Women in local government – what does it take?Whether in Jordan, Denmark or Morocco, men outnumber women when in local government. But why? Meet three women who are trying to make a difference by becoming active in politics at a local level.
When Jordanians went to the polls in 2007’s local elections, one candidate in particular stood out. Kawtar Abd-Allah Bakheet Al-Egweiri was a clear vote-winner (being the woman candidate who received most votes in the entire country) and was overwhelmingly elected onto the municipal council of Jordan’s third-largest city, Zarga.
In the run-up to the local elections, Kawtar Abd-Allah Bakheet Al-Egweiri ran her own campaign with the help of friends and family who assisted by handing out flyers and putting up election posters.
However, that same strategy was not enough for one of her colleagues somewhere else in the world. When Danish Birgitte Vind ran in the 2009 local council elections in Denmark’s ninth-largest city Vejle, she had to think creatively in order to catch the attention of the voters. Therefore, she set up a boxing match between her and an opposing male candidate to drum up press coverage and thereby get her message across to the voters.
On a sofa in Copenhagen, these election stories from Jordan, Morocco and Denmark are digested with a solicitous air of understanding.
We are at a conference on women in local government in the Danish capital Copenhagen. Here, three such political women – Moroccan Zakia Mrini, Jordanian Kawtar Abd-Allah Bakheet Al-Egweiri and Danish Birgitte Vind – have taken a seat on the sofa to share with each other their experiences of being a woman in local government.
Although being very different, the three of them have something in common – they have all gone into politics because they want to make a difference.
A desire for change
Danish Birgitte Vind is 45 years old and is new in the world of politics having only served as a town councillor for one year.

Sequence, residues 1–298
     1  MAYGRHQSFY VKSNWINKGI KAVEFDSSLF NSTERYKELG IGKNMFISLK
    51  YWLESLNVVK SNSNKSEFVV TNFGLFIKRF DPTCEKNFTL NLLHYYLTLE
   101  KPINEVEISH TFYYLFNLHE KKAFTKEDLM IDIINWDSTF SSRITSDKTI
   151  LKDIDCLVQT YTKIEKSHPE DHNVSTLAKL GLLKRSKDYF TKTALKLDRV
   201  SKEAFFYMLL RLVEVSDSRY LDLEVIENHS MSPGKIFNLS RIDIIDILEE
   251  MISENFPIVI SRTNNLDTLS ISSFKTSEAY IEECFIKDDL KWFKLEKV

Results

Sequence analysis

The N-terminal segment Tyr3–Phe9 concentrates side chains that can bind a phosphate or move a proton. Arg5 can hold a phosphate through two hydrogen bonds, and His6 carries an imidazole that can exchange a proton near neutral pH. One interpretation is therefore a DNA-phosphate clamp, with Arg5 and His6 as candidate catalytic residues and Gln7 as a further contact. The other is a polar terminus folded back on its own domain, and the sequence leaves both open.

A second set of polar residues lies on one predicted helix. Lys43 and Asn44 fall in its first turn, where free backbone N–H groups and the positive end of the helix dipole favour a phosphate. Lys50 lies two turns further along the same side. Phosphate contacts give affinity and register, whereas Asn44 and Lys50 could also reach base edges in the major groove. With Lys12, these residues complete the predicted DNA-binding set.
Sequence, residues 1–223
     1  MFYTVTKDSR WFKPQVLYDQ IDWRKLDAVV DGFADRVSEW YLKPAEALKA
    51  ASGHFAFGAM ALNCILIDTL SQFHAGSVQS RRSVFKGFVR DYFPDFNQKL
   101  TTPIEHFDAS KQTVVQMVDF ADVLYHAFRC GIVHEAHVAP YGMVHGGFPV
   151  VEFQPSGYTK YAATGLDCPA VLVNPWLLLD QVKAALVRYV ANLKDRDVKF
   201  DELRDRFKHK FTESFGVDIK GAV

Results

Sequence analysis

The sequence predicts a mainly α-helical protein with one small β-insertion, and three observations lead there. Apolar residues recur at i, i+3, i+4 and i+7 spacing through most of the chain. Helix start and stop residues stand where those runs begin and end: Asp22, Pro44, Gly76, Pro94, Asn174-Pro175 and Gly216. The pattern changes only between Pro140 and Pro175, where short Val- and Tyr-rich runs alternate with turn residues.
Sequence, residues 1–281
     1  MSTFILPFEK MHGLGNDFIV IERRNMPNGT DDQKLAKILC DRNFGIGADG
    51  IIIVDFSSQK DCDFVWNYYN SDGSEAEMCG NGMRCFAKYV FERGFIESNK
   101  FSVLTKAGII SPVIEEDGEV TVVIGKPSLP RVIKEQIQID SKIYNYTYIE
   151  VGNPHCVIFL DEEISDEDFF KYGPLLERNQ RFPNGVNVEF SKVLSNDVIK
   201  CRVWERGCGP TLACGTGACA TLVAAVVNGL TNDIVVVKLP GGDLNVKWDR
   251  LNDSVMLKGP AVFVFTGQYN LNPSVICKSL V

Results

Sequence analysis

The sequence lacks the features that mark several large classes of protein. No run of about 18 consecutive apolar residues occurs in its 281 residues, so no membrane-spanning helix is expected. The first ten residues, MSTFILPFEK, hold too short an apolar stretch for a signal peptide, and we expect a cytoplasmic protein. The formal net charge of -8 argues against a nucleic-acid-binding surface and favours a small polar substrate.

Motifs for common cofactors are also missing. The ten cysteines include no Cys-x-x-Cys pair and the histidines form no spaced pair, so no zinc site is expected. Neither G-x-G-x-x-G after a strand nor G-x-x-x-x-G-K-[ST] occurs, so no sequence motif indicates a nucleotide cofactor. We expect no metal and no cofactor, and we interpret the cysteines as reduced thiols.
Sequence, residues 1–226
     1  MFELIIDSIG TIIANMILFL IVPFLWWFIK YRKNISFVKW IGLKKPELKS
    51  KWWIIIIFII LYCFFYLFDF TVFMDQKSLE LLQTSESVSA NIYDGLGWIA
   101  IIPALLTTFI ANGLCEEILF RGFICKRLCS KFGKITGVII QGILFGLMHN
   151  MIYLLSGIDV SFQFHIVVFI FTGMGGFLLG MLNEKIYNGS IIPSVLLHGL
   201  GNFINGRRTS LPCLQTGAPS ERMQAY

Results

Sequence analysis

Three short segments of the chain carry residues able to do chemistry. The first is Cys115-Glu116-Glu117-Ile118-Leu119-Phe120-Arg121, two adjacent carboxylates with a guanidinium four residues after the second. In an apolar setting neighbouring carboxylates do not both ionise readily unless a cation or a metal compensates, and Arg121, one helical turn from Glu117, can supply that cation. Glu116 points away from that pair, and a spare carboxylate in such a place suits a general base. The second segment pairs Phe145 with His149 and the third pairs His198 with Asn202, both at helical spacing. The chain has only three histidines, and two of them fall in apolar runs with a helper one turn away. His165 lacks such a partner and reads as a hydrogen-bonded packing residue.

“I stood for election because I was unsatisfied with the policy of the government. I thought it was short sighted and failed to tackle some important political issues,” she explains.
Moroccan Zakia Mrini is 51 years old and serving in her second term. She has been in local government for seven years and is now mayor of the Guéliz district of Marrakech, Morocco’s second largest city.
“I’ve always had a strong sense of justice and believed in fighting discrimination and it’s because of these convictions that I’ve been politically active for the last 20 years,” Mrini tells.
For many years, Zakia Mrini has been involved with the Moroccan women’s movement and she is founder and president of several women’s rights organisations.
Jordanian Kawtar Abd-Allah Bakheet Al-Egweiri is also serving her second term and has eight years of local government experience behind her.
She entered into politics because she believes that local politics in Jordan needs the contribution of women.
“Men dominate society and are the decision makers in many areas. But now, with five women having been elected onto the local council, things are changing,” she points out.